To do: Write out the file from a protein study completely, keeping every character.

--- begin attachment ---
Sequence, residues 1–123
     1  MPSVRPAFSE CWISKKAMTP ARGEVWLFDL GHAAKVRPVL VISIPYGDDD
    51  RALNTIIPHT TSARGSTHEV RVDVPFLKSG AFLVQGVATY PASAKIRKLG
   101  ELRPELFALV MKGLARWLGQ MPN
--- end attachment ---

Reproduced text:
Sequence, residues 1–123
     1  MPSVRPAFSE CWISKKAMTP ARGEVWLFDL GHAAKVRPVL VISIPYGDDD
    51  RALNTIIPHT TSARGSTHEV RVDVPFLKSG AFLVQGVATY PASAKIRKLG
   101  ELRPELFALV MKGLARWLGQ MPN